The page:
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It’s A Jungle In There: Dollar Day Sets Off A Zoo Stampede

A Davis

Five stories that have North Texas talking: Celebrating Thanksgiving's eve animal-style, the magic of lip dubs and more.

Think the mall parking lots are going to be a zoo on Friday? Just check out the real thing today.

It’s Dollar Day at the Dallas Zoo.  Admission for everyone is $1. And that means a stampede of kids out of school, relatives in town for Thanksgiving and minivans trying to get off I-35E at the Marsalis exit.

Officials urge zoo-goers to take the DART Red Line. It lets you off at the main gate. This year, there’s a new remote parking lot for DART riders: Reunion Lot E at Memorial Drive and Hotel Street downtown.  That’s next to Union Station where you can catch the train.

NBC 5 charted the crowds at the zoo's last Dollar Day in July. Today, The zoo’s open until 4 p.m. – when, presumably, the turkeys and all the other critters will give thanks for some peace and quiet.

-- BJ Austin

Lip Dub Mania: From Afghanistan To Arlington

In this season of traditions, few are as ubiquitous (make that YouTube-iquitous) as the “lip dub.” The online video source is littered with ’em – a quick search turns up 139,000 matches.

NPR’s “Monkey See” blogger Linda Holmes defined the phenomenon last summer this way:

A lip dub, in theory, isn't much more than people lip sync-ing to recorded music, but it's fair to say YouTube has transformed it into something of a competitive sport.

Classics of the genre include the city of Grand Rapids’ eye-popping take on “American Pie,” American soldiers in Afghanistan spoofing a Miami Dolphins cheerleader take on “Call Me Maybe,” and even “public radio dorks go Gaga,” as in Nina Totenberg doing Lady Gaga’s “Telephone.” Really.

The latest entry in this hypercompetitive field comes from James Martin High School in Arlington, which just filmed its third annual, one-take, 4,000-person video that’s loaded with 12 minutes of (among other things) lip syncing, lab experiments, wakeboarding down stairs and, of course, dancing goats. Really.

-- Rick Holter & Justin Martin

Sheriff: Simple Message, Complicated Problem

Dallas County Sheriff Lupe Valdez says she isn’t sure which is why she and officials from 12 North Texas law enforcement agencies once again had to hold a pre-holiday press conference this week.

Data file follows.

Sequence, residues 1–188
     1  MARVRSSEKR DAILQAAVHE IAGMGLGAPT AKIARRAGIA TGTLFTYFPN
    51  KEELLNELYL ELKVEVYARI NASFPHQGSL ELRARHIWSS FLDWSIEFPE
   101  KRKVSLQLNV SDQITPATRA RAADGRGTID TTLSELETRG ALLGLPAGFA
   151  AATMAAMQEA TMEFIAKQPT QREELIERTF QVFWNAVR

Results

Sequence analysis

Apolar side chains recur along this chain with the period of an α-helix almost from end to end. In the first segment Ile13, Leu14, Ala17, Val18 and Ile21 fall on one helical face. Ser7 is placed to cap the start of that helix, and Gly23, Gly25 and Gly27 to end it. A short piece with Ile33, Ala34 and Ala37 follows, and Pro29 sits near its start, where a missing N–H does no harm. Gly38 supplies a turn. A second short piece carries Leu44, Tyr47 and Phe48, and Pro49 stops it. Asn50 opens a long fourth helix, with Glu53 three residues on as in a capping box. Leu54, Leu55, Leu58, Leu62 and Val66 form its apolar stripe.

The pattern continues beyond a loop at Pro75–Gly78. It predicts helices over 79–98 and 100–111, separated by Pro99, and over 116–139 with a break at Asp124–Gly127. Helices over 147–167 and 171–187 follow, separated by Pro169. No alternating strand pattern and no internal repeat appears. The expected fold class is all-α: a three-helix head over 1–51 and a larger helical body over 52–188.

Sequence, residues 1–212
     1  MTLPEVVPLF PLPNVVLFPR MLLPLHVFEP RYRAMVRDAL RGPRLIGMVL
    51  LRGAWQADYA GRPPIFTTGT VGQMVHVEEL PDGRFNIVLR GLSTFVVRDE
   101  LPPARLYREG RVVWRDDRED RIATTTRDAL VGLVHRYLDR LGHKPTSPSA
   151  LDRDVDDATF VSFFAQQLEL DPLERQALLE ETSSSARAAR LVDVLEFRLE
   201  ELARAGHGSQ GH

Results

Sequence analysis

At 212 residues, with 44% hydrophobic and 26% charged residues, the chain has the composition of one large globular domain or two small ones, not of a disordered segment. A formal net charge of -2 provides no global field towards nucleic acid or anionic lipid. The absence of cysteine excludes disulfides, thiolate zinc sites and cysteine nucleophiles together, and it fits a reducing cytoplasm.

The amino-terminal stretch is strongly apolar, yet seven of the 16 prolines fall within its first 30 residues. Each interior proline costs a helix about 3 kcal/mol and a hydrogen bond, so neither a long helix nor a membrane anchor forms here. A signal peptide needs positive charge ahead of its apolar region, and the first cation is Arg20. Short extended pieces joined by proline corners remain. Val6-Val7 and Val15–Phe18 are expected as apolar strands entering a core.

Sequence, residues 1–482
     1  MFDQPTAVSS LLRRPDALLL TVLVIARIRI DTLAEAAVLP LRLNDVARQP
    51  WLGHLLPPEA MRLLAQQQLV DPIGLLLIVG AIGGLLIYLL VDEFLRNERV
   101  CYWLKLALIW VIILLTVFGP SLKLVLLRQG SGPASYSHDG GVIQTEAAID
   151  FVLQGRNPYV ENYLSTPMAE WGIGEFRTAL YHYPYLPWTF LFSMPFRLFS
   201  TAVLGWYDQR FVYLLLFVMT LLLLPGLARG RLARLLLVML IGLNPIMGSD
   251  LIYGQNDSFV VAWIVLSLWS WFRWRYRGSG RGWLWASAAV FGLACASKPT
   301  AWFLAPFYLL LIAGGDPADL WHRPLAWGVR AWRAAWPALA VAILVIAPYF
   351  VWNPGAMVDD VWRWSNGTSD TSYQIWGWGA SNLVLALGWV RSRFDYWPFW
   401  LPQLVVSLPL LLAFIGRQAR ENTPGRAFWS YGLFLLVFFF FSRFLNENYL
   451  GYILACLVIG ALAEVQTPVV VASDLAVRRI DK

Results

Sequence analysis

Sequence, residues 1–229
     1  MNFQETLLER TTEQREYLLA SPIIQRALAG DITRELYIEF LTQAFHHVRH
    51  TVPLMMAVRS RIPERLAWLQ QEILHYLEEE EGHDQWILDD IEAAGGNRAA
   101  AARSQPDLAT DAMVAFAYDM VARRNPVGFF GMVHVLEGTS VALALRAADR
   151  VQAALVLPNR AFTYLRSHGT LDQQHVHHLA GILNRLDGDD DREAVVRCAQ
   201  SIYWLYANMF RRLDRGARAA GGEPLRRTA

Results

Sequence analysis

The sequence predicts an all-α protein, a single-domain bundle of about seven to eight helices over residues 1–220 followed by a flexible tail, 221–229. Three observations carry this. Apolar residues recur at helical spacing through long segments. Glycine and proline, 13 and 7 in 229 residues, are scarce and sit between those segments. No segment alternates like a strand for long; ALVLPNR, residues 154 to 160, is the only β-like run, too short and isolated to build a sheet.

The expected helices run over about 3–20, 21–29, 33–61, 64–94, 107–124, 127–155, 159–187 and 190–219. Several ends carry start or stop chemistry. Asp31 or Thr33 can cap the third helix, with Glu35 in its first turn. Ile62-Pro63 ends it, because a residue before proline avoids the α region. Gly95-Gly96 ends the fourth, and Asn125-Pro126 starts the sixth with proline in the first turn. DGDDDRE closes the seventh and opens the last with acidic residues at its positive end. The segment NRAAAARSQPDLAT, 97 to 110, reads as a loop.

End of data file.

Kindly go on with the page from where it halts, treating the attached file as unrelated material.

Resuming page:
“We keep saying this over and over,” the sheriff says. “What we’re trying to tell you is if you drink don’t drive. Simple message.”

Valdez says Dallas County is going to back up the rhetoric with some muscle this holiday season. 

A federal grant will allow her to deploy more deputies to watch for drunk drivers, and her agency is among those enforcing the “no refusal” rule.

What that means is if you’re stopped for drunk driving and refuse a breathalyzer or alcohol blood test, the arresting officer will get a warrant and have a blood sample taken anyway.

Here’s a sobering statistic for all drivers headed home for the holidays:  The Centers for Disease Control says an average drunken driver has driven drunk 80 times before a first arrest.

-- Shelley Kofler

Frequent Flyer Smiles For American Airlines

First the president of the pilots union invokes the spirit of Braveheart in urging his members to approve a proposed contract with American Airlines.

Now The Onion wades into the American bankruptcy quagmire with this shocking revelation: Struggling American Airlines To Shutter Air Passenger Service To Focus On 'American Way' Magazine.

Proving that, at least occasionally, fiction is stranger than truth. But just barely.

-- Rick Holter

Holy Mole!

The Pilgrims might not’ve had a side of spicy, chocolaty goodness with their turkey, but a lot of Texans do it right. Though, as BJ Austin finds in her tribute to the Thanksgiving power of mole, it can take days to do it right.

And if you’d prefer some more classic Turkey Day cooking advice, consult Morning Edition’s kitchen visit with Cooks Illustrated’s Chris Kimball. He dopes out a meal that Julia Child would be proud of. As the late legend would’ve said, “Bon appetit!”

-- Rick Holter